In the News 23.6.08

Euro 2008 loss, Pankrác skyscrapers, and more...

Written by Naďa Straková
Aktuálně.cz CzechNews

 



Prague – The beginning of last week was not a good kick-off for Czechs, as their national team lost what looked like a shoo-in in their last game at the Euro 2008 football championship against Turkey. Home they went that very day.  

Squandering a 2-0 lead in the last minutes of the game, Czechs left much to be desired in their uninspired and uninspiring effort.

There went the opportunity to defend the bronze medals from four years ago, if not the silver medals from twelve years ago. And let´s not even mention the gold medals won in 1976.

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TOO BIG ECO-FOOTPRINT. If all the people of the world reached the same standard of living as Czechs, we would need more than three Earth-sized planets to survive.

According to the New Economics Foundation, an independent British think-tank, Czechs consume too much food and energy and produce too little transportation and generate too much waste. The only consolation is they are not doing it alone, for most of the Western countries face the similar problem. But is that really a consolation?

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PANKRÁC SKYSCRAPERS. Can you picture another skyscraper in Pankrác? Czech conservationists and Arnika association definately cannot. They both battle against a high-rise building called Ice Tower that the Pankrác company plans to build.

“High-rise buildings in the immediate proximity of Prague’s historic centre are a lucrative business. But the construction of other high buildings on the city skyline may destroy the unique character of the capital,” Arnika´s Martin Skalský explains.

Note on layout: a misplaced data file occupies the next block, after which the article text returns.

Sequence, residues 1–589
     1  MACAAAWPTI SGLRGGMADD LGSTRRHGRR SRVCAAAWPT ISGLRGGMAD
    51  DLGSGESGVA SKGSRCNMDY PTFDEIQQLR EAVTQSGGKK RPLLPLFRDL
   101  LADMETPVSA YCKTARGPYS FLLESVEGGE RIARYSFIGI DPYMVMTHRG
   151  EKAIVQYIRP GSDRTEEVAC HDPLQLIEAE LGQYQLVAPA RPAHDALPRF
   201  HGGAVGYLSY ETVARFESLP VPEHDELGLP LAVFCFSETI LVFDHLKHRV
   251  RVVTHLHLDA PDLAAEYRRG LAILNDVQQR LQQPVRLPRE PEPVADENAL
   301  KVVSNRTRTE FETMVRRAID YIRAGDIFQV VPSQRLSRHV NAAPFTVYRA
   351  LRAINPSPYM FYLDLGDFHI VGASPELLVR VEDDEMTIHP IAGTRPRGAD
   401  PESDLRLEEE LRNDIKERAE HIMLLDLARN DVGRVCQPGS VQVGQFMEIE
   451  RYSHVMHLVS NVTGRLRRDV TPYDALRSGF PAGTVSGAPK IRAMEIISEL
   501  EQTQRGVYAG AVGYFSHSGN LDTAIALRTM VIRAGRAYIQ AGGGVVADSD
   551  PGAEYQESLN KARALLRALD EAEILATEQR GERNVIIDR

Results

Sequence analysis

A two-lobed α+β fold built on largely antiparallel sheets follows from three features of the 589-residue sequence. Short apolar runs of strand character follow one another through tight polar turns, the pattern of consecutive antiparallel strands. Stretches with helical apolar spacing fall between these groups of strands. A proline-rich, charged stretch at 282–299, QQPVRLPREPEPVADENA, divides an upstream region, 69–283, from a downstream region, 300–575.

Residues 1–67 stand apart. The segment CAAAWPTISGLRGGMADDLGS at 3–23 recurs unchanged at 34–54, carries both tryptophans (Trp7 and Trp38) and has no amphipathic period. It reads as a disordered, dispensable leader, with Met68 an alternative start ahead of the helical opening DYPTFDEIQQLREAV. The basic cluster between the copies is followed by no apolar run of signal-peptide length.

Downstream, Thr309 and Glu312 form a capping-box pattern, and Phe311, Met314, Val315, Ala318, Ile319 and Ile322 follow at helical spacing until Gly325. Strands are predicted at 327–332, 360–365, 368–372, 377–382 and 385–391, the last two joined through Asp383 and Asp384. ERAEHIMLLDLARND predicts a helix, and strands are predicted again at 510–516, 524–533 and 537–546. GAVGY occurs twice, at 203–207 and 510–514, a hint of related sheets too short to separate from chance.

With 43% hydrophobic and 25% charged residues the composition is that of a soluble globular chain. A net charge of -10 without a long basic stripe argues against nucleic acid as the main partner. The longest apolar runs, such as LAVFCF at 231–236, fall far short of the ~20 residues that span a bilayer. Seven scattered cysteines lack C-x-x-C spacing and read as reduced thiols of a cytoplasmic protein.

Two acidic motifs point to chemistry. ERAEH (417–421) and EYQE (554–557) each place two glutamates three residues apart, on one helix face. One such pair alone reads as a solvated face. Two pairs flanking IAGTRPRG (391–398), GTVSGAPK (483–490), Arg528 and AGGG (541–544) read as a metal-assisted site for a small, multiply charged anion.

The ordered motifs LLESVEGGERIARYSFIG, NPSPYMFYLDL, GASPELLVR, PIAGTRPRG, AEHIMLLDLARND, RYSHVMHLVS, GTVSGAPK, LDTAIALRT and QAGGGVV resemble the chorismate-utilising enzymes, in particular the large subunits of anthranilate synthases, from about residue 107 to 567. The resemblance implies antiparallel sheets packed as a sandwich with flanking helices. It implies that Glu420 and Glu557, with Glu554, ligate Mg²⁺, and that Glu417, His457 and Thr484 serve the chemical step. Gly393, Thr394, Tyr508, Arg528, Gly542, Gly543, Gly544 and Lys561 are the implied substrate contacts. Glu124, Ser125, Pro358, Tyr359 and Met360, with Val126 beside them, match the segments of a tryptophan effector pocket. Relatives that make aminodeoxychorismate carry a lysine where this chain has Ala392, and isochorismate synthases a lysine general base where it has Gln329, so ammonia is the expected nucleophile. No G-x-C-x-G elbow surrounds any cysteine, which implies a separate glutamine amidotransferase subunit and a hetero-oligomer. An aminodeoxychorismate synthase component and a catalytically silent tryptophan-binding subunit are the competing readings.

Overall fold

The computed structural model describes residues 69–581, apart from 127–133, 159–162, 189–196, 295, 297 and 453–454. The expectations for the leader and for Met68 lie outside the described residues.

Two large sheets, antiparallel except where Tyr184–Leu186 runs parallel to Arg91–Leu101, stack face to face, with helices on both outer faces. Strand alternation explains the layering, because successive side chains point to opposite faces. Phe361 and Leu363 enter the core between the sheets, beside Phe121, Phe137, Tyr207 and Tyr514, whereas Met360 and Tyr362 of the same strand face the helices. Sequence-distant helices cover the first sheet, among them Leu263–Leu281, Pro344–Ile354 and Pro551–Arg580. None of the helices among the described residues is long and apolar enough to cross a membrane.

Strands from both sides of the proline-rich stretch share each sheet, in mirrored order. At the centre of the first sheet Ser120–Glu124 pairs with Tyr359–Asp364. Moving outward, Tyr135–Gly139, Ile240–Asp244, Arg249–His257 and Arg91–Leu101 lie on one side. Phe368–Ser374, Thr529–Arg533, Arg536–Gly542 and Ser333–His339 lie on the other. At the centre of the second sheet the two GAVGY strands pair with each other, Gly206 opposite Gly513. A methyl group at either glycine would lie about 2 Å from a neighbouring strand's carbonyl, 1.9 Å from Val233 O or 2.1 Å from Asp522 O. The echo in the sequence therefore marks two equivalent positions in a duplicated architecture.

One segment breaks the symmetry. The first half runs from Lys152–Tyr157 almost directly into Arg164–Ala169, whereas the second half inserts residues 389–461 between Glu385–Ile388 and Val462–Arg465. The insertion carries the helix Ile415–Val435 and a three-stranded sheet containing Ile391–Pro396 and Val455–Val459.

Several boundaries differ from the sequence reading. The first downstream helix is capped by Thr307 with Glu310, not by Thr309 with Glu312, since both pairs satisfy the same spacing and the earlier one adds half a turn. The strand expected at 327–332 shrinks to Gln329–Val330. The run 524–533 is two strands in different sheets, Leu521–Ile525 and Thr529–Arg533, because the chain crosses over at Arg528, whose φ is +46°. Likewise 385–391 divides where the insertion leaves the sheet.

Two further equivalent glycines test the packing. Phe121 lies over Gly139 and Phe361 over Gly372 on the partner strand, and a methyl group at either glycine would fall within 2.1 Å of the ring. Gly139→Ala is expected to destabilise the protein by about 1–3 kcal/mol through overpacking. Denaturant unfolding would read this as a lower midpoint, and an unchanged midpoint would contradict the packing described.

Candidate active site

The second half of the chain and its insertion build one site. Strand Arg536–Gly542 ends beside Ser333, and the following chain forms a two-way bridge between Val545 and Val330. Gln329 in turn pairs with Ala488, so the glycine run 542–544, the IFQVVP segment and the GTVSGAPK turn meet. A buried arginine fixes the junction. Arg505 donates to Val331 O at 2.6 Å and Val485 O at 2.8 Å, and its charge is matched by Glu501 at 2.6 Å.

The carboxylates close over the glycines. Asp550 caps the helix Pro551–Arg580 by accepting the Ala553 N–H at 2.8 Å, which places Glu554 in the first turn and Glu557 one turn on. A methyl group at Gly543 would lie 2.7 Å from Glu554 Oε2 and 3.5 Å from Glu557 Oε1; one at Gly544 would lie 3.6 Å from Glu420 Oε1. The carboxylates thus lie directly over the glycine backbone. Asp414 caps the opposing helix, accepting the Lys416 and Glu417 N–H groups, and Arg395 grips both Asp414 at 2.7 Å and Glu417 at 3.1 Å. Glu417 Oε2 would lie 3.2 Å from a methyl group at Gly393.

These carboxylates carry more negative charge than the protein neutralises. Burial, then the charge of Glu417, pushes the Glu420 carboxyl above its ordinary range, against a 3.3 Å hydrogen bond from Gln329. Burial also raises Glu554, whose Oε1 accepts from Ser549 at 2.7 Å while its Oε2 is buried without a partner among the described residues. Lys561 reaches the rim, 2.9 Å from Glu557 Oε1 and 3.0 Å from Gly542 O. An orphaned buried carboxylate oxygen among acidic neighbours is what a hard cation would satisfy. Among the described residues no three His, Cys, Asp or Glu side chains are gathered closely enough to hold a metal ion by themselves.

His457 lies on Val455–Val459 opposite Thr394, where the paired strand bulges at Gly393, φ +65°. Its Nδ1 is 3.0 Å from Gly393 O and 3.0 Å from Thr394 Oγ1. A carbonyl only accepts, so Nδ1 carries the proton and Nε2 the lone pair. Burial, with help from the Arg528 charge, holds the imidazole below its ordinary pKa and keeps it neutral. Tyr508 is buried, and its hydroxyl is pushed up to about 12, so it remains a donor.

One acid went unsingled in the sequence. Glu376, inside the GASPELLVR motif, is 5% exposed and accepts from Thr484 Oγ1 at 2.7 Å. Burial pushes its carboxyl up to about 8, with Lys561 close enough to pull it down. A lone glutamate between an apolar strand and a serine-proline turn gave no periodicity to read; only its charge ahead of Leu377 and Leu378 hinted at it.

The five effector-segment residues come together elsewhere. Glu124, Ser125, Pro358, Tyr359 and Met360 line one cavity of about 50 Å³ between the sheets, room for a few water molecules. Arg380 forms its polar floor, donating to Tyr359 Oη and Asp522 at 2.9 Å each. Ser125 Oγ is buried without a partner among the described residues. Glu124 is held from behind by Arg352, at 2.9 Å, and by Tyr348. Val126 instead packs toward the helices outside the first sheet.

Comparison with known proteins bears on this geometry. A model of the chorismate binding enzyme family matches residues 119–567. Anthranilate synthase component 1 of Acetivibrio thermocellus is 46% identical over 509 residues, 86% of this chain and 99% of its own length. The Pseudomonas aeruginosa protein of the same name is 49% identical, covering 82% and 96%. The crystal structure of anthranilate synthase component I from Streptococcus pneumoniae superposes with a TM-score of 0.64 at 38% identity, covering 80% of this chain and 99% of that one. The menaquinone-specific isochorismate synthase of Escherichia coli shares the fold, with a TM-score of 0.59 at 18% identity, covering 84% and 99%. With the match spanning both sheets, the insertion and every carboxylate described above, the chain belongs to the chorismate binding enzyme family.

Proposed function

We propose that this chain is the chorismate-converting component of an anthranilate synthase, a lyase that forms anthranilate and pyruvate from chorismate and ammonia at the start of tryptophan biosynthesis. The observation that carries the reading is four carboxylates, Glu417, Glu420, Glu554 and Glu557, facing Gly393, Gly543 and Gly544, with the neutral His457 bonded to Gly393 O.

Also read:  Czech Republic stuns England 2-1 in 2020 European Cup qualifier after English fans violently clash with police in Prague

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EARTHQUAKE IN TEMELÍN? Can the nuclear power plant Temelín be threatened by an earthquake, Austrian experts wonder. Czech experts consider the region around Temelín as “seismic standstill”, the Austrian experts think otherwise. The battle of different views should be decided in a a new special research which will be conducted in the surroundings of Temelín.

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HORRID CHILD ABUSE. Last week also saw the first couple of hearings in the case of unprecedented child abuse in Czech crime history. It is quite safe to say not a single person present in the public trial would not feel sickened after hearing all the horrible things two boys of 8 and 10 were made to suffer. The case is all the more appalling as their mother participated in the torture.

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NO MORE SMACKING SOON. The Kuřim case is all the more ironic when you consider the grudges Czech parents feel about the new law that bans smacking children. 80% of Czechs agree with corporal punishment as a corrective measure for naughty children. It looks like though, in two years they all will have obey the new bill that the human rights minister Džamila Stehlíková advocates.

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DINO GOES EAST. It didn´t take long for Jan Koller, the Czech national team´s all-time top scoring player, to find a new employer after his 1.FC Nuremberg got relegated from German Bundesliga this year.